Saving Southport Pier could cost up to £13m

Sefton Council faces a bill of up to £13m to repair and reopen Southport Pier – £10m more than the original budget for its refurbishment. Tony McDonough reports

Southport Pier
Southport Pier was first opened in 1860 but it now closed indefinitely


Southport’s Victorian pier will remain closed for the foreseeable future with Sefton Council needing to find up to £13m for its repair and refurbishment.

Last year the council earmarked £3m for the replacement of the decking on the pier, which first opened to the public in 1860. However, freezing temperatures in December 2022 caused “significant and unavoidable damage” to the structure.

Cold weather and ice caused damage to the pier’s decking boards. A build up of ice from coastal winds has also made the surface treacherous underfoot. This forced the authority to close it to the public “until further notice. 

More than six months on the Grade II-listed pier remains closed. A new independent survey reveals more than 25% of the pier’s decking is majorly damaged or in need of immediate replacement. This equates to over 14 miles of severely decayed decking.e 

This report will be presented to an emergency meeting of the Cabinet on Thursday, June 29. However, the council currently does not have the necessary funds to make the repairs with the bill expected to be as high as £13m. 

Cllr Ian Maher, Leader of Sefton Council, said the report made “sobering reading” but said the council was committed to the full refurbishment project, recognising the huge importance of the pier, the second-longest in the country.

He said: “It is going to be a huge and costly scheme, but the Cabinet is supportive of the proposal for a full refurbishment project.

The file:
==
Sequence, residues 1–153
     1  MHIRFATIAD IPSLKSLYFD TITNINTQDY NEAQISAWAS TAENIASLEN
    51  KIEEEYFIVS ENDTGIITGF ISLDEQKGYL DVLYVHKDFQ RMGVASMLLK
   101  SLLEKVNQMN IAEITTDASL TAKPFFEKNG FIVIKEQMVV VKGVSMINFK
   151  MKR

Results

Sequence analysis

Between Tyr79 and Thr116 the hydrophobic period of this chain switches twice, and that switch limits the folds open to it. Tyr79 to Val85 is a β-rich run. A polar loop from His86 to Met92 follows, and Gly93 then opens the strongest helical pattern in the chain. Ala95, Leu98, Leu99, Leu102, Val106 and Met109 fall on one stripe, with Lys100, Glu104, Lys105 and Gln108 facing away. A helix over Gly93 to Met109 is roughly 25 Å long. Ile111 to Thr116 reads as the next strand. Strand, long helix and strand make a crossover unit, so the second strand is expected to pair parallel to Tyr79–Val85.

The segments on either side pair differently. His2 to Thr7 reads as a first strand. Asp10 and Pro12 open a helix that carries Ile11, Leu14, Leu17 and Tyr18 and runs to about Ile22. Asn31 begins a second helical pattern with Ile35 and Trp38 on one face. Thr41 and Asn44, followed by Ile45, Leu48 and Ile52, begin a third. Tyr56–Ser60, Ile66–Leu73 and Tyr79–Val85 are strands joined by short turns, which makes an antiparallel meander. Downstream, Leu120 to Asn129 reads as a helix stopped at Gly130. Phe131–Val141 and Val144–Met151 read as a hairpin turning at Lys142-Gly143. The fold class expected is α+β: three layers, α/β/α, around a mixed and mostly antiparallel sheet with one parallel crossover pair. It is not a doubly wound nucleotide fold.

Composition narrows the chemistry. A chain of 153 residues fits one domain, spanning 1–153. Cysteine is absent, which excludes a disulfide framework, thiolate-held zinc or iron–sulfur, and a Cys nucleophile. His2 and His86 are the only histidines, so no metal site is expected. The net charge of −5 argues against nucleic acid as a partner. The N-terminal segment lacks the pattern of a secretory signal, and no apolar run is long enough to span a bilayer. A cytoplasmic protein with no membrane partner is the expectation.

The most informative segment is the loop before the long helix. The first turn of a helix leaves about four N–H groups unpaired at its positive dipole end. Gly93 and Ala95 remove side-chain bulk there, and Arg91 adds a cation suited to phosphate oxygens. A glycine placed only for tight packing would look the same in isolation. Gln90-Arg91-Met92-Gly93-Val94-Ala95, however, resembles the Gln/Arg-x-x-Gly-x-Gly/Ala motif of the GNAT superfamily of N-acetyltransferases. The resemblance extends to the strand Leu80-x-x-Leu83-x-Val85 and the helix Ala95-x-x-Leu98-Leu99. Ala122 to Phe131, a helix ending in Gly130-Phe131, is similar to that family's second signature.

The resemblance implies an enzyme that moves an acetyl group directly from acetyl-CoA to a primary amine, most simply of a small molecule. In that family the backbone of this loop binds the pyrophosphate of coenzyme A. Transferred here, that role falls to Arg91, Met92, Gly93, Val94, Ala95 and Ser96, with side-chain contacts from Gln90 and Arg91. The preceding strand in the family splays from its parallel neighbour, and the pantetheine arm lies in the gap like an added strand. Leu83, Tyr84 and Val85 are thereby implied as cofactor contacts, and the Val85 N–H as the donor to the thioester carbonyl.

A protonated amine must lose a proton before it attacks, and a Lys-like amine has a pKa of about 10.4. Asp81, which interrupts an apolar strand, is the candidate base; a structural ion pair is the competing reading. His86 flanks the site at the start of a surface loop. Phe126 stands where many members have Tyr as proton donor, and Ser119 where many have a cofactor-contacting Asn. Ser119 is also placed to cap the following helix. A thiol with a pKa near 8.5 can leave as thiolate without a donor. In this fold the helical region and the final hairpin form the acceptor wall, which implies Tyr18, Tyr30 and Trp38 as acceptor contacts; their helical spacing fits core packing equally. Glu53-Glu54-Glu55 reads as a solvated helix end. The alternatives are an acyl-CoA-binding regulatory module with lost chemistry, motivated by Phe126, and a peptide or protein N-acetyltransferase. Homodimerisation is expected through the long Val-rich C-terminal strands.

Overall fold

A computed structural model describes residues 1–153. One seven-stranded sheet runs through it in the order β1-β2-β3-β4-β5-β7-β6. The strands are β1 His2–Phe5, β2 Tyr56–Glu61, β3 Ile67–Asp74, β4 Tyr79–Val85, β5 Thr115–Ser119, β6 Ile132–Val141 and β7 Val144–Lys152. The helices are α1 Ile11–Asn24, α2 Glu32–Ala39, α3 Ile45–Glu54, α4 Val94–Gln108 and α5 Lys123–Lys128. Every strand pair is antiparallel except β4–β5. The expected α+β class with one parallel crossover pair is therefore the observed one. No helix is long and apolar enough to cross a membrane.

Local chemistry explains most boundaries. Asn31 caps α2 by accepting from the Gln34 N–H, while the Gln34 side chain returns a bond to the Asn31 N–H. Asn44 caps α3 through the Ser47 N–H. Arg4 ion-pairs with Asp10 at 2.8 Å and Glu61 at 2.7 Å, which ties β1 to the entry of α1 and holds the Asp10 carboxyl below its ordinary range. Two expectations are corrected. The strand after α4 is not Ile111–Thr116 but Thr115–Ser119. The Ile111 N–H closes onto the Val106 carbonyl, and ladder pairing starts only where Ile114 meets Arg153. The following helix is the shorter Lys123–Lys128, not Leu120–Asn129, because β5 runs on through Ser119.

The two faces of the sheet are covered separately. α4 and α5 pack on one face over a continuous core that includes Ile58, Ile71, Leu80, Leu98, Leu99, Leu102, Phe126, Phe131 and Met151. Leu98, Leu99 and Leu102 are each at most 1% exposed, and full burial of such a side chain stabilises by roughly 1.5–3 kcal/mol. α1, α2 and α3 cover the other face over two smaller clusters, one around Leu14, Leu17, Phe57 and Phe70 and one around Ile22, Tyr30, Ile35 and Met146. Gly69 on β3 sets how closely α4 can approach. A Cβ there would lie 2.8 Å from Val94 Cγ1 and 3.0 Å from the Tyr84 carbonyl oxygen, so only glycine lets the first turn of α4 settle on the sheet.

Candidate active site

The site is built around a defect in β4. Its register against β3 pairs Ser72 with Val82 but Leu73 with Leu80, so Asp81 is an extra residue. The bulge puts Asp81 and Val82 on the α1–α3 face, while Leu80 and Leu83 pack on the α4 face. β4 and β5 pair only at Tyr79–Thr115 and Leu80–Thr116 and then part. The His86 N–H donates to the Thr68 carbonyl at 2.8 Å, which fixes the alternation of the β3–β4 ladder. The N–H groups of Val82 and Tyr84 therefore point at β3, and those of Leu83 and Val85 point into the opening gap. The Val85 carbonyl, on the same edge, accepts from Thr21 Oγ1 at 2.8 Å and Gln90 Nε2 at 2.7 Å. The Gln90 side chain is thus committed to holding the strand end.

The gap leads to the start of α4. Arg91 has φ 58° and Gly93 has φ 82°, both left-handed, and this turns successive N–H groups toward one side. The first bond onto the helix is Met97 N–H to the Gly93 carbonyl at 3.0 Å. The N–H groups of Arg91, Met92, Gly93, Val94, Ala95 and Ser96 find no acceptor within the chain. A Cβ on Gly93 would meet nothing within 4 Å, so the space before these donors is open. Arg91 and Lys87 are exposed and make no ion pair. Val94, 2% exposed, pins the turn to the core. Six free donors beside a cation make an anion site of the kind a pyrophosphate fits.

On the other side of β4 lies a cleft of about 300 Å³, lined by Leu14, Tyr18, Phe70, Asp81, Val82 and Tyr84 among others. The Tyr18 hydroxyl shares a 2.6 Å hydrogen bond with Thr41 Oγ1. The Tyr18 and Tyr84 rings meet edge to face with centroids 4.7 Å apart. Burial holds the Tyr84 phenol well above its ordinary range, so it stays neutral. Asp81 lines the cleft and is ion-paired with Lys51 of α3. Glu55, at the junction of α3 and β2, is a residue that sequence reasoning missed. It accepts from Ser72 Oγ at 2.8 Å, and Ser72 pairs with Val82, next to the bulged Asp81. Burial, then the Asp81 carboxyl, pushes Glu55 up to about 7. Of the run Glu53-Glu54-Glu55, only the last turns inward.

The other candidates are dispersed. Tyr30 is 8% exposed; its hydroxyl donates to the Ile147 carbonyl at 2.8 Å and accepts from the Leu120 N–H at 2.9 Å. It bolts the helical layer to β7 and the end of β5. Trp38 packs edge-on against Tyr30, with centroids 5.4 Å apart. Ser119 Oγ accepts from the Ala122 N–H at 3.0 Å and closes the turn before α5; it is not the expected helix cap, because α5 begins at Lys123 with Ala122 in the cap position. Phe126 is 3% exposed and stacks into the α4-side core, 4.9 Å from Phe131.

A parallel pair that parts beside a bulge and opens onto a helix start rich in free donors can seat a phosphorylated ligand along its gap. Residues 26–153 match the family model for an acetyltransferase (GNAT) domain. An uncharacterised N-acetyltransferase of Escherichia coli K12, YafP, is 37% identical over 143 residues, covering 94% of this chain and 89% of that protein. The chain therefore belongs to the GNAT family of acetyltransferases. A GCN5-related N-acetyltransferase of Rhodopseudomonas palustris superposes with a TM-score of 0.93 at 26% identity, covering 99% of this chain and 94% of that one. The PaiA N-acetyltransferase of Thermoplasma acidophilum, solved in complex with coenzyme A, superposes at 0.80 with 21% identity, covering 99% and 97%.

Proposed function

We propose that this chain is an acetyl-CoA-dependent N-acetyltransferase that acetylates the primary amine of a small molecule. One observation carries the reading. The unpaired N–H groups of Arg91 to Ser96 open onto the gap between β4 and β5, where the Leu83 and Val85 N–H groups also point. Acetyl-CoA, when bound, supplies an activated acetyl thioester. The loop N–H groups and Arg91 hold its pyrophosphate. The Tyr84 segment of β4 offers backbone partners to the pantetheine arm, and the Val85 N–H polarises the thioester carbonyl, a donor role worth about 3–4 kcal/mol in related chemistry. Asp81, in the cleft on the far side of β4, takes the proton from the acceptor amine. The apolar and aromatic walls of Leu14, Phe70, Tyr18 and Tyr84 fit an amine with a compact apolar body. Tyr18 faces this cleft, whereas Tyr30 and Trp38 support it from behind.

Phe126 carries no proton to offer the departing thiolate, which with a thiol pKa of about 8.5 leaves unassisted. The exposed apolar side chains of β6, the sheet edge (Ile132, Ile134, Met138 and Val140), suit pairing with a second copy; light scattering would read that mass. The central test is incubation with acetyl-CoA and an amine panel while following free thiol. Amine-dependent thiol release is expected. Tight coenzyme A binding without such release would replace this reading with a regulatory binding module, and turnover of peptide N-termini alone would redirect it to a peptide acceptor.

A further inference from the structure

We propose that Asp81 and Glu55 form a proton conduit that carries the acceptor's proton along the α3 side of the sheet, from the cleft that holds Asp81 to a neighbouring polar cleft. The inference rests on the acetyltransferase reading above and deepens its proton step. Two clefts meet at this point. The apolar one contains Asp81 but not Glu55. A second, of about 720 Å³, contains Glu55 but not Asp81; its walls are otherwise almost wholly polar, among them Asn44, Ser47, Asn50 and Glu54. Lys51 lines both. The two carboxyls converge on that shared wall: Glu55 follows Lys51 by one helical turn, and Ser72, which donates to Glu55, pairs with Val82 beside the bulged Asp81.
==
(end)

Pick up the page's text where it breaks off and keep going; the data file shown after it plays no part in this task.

“We recognise the pier’s importance in Southport’s, in Sefton’s and in the country’s seaside heritage as well as its popularity with the many millions who visit Southport’s wide range of attractions each year.”

In addition to the full decking replacement, the project would include additional work to the pier’s sub-structure and steelwork, but the likely costs of this full refurbishment project are beyond the affordability of the council.

In order to address this significant funding gap, the council proposes to progress engagement as quickly as possible with potential funders and stakeholders, given the importance of this heritage asset to the town and to local businesses.

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Cllr Maher added: “We have to consider all options available to us, but the council is not supportive of any suggestion of closing the pier permanently. It has been disappointing to see some casting doubt on its future.

Cllr Marion Atkinson, Sefton Council’s Cabinet Member for Regeneration & Skills, added: “Despite unwarranted speculation about the need for the closure, independent health and safety experts will confirm that the Pier must remain closed until the full refurbishment project has been carried out.

“Given the age, location and scale of historic structures of this nature, it is unsustainable for these to remain the sole financial responsibility of any Local Authority, as this report demonstrates in the case of Southport Pier.

“To me there is clearly a case to lobby Government for a national fund to address this pressure, and to ensure piers receive an ongoing, ringfenced, realistic and proactive maintenance budget allocation.

“Everyone, not just the Local Authority, has to be totally realistic and accept that this is not a task which will be finished in a matter of weeks or even months.”

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